RJC Anti-Racism Statement

The Restorative Justice Council acknowledges the harm caused by both explicit and implicit bias due to racial discrimination, both in the past and present, and the need to take pro-active steps to prevent this in the future.

Aims: The Restorative Justice Council (RJC) is committed to anti-racism approaches to challenge and address the conditions that hold systemic racism in place. These are conditions where bias and prejudice are built into systems, policies, processes, resource access, practices, relationships and power dynamics. Our strategic anti-racism plan will set out how the RJC’s staff, Board, and work programme will embody an anti-racism approach.

Definition of racism: The RJC defines racism as a combination of ideas, practices and policies that produce and normalise inequality based on racial categorisation. This includes prejudice, discrimination, or antagonism by an individual, community, or institution against a person or people on the basis of their being identified with a particular racial or ethnic group that is marginalised based on historical power relationships.

Intersectionality: The RJC recognises the importance of acknowledging intersectionality -the understanding of our own and other people's unique lived experiences of disadvantage and oppression. Aspects of an individual’s social and personal identity such as race, ethnicity, class, gender, disability, gender reassignment, marriage & civil partnership, pregnancy & maternity, sexual orientation, and religion & belief, combines to influence a person’s privilege and power in society. Hence, it is important to consider all the factors that can intersect to profoundly marginalise people.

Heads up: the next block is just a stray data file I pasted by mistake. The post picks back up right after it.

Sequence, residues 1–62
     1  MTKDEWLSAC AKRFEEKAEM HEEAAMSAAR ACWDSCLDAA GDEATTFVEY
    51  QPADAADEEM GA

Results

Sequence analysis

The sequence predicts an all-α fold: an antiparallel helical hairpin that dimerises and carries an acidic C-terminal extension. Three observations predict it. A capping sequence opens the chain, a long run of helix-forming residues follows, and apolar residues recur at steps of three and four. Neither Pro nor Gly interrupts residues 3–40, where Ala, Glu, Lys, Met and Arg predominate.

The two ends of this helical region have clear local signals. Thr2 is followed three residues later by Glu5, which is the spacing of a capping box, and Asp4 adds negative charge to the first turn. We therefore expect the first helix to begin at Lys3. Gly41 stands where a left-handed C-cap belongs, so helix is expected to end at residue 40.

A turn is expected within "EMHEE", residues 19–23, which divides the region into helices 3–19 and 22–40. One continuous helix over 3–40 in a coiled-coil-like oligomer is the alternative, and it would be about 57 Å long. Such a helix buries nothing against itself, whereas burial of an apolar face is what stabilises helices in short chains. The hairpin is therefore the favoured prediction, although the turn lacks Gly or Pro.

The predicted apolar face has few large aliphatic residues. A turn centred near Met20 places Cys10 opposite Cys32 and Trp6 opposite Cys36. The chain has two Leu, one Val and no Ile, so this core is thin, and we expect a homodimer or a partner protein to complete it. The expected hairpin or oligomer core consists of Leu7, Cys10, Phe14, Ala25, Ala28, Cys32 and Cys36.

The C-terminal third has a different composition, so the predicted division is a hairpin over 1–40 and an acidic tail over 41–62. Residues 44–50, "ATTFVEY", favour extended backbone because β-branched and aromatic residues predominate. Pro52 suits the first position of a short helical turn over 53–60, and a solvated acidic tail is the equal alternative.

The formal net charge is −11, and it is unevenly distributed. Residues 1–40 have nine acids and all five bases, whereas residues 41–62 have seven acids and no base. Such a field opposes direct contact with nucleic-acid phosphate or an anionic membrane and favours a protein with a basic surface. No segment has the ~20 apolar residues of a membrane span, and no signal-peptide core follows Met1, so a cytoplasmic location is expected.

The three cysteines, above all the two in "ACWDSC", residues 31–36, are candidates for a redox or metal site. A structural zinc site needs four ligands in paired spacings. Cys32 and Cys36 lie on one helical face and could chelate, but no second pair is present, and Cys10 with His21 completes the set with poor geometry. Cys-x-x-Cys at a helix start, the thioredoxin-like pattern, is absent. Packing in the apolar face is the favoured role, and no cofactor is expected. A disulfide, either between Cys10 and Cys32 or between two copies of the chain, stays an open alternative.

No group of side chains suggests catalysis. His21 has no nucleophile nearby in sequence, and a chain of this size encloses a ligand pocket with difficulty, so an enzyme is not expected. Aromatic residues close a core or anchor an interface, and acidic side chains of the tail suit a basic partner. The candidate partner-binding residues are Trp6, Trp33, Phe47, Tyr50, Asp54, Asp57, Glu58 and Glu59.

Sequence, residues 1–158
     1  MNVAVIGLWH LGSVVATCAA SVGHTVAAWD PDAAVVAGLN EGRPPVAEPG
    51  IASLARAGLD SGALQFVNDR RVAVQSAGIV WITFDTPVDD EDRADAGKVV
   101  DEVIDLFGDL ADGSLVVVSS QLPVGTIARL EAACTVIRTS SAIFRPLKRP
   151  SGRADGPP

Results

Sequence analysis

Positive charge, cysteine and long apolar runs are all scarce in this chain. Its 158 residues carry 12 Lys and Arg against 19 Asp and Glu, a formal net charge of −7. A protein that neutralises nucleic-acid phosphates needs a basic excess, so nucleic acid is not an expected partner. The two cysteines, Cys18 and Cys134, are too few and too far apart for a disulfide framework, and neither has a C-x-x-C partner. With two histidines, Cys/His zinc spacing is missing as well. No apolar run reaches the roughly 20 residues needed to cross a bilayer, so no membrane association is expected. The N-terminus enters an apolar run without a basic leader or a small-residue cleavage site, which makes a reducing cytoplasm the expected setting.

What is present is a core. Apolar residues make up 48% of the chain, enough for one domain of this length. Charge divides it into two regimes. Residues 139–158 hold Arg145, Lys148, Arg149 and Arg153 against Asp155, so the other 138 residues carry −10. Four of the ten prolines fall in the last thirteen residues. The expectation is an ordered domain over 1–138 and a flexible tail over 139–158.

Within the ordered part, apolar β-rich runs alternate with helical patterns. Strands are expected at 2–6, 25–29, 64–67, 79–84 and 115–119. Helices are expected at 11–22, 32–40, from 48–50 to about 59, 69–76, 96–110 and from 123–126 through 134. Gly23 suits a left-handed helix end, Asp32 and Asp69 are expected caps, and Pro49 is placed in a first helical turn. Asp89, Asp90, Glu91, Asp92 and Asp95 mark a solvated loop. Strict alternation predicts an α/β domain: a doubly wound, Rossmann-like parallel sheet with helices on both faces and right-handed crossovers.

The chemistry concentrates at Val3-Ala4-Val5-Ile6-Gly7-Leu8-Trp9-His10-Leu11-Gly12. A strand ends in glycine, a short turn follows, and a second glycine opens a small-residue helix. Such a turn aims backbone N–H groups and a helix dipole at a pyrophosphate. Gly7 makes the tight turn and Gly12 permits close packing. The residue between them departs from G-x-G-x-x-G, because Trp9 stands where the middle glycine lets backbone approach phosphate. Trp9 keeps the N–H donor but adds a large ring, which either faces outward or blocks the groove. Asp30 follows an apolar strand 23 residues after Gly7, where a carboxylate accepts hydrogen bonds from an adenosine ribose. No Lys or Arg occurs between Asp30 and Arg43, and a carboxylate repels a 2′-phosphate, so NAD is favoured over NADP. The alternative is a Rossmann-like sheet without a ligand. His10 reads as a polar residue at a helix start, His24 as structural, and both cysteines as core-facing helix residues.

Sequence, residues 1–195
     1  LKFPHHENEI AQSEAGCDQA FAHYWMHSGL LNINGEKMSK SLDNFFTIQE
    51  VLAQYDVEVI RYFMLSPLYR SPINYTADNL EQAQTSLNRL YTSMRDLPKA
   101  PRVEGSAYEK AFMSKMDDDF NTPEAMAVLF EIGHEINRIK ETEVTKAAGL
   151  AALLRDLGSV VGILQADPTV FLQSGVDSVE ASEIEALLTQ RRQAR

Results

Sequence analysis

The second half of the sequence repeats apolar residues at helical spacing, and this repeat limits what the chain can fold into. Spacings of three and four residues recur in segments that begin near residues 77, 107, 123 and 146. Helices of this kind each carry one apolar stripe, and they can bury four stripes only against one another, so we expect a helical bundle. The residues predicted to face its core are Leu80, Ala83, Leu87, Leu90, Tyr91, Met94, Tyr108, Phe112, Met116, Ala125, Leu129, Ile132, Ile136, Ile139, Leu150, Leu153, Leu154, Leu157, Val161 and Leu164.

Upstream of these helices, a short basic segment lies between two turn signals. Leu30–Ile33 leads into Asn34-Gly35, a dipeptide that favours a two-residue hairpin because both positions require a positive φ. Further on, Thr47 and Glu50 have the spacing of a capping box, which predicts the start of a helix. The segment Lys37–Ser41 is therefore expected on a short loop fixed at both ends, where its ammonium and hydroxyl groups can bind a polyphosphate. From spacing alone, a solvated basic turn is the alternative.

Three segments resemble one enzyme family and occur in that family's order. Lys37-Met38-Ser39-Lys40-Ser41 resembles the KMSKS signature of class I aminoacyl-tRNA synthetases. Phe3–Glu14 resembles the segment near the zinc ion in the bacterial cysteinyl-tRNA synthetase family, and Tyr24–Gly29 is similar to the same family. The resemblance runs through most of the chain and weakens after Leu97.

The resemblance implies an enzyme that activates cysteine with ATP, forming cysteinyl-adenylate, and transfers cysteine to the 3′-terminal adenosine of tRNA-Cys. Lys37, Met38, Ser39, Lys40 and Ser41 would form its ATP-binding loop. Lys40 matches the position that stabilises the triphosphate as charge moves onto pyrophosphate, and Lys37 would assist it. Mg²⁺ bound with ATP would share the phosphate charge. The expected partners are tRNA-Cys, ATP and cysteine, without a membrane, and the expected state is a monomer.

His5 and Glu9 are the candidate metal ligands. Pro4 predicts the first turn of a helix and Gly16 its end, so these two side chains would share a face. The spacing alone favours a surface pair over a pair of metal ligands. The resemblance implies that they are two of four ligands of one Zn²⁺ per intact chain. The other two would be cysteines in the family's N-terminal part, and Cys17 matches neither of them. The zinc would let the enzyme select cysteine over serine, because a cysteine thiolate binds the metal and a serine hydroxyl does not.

The RJC will:

  • Ensure our organisational leadership and culture embodies anti-racism
  • Be an anti-racist employer and working environment
  • Promote fairness and build an inclusive workforce that is representative of the communities and organisations the RJC and its membership serves
  • Proactively strive to ensure representation at all levels of the charity
  • Collaborate with the restorative justice sector, our members and partners, to promote and evaluate the sector’s anti-racist stance
  • Incorporate an anti-racism agenda into our organisational development, our policy and research work, our training, our registration processes, and our innovations
  • Integrate anti-racism into our brand, media campaigns and communications in general
  • Nurture an environment of listening and learning to unlearn racism
  • Provide opportunities for learning which challenge beliefs, habits, complacency and comfort zones, that maintain the status quo, wherever they occur
  • Actively embed anti-racism in our day-to-day activities to ensure better access, experience and outcomes for those using restorative justice / practice services and for the communities they serve.

Next steps

  • Develop our anti-racism action plan covering workforce, service delivery, and other organisational areas
  • Detailed implementation plans will be signed off by the Board in July 2023
  • Publish our anti-racism action plan by August 2023
  • Implementation progress will be monitored by our Policy and Communications sub-committee comprised of Board members and staff throughout the remainder of 2023